The most suitable milk for Feta cheese is sheep's milk but a mixture of sheep's and goat's milk may be used. However, the percentage of goat's milk in the mixture is not allowed to exceed 30% (4). Goat's milk alone can also be used for pickled cheese manufacture, but the cheese, although appreciated by consumers preferring a stronger taste, is not allowed to be called Feta. The production of sheep's and goat's milk is seasonal (December/ January to June/July); therefore, the activities of Feta cheese plants are restricted to only 6-8 months.

There is a significant variation in fat content during lactation, with lower values, at least for sheep's milk, corresponding to the beginning of the warm period. Protein in sheep's milk increases regularly as lactation advances (5). Thus, the fat content of artisanal cheeses usually depends on the production time. In contrast, in modern cheese plants the milk is standardized to a casein-to-fat ratio of 0.7-0.8; the fat content of the cheese is therefore more stable. For public health reasons, the milk is pasteurized and cooled to 34°C before the addition of starter culture. However, in small cheese plants or farms, the milk usually receives a thermal treatment lower than necessary for pasteurization conditions. In this case, part of the indigenous flora of the milk may survive, influencing the course of ripening and the release of flavor compounds.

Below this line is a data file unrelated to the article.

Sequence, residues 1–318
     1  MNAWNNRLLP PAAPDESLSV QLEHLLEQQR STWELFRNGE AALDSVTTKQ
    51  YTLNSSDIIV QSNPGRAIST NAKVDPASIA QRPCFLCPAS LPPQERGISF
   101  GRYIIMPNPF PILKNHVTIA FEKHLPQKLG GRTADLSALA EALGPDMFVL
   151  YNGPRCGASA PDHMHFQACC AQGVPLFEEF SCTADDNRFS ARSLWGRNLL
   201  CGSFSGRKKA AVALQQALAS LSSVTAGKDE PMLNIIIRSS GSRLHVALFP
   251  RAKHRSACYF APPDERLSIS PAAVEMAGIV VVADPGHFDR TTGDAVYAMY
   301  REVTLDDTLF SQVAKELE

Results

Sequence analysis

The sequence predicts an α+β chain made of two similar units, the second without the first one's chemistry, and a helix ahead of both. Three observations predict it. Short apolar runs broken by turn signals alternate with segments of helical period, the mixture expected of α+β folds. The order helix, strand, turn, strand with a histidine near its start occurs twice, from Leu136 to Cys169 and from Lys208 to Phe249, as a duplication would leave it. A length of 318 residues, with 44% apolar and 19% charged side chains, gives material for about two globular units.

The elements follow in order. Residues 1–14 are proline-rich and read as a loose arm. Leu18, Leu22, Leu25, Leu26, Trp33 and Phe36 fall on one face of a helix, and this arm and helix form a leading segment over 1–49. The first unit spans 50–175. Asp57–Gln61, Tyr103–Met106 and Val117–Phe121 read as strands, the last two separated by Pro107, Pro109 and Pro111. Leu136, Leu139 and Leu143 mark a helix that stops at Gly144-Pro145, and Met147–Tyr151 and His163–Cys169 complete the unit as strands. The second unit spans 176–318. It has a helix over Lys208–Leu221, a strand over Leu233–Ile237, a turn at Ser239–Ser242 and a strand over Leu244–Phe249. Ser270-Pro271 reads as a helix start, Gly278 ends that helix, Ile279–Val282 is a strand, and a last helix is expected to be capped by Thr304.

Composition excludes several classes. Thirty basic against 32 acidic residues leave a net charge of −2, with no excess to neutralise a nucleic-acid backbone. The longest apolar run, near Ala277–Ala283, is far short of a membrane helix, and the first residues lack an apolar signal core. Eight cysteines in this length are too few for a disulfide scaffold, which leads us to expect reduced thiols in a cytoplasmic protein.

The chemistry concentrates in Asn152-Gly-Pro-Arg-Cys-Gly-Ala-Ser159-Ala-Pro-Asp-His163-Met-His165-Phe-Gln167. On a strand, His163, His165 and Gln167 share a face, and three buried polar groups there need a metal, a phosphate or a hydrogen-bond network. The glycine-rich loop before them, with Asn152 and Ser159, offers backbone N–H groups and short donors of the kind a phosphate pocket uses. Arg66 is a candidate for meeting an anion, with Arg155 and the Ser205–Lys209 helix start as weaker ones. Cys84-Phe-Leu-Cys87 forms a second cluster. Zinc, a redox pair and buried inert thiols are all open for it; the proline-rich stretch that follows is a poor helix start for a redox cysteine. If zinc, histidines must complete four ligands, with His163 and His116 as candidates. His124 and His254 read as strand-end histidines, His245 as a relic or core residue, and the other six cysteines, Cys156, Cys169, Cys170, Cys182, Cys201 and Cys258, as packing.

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Bread Making

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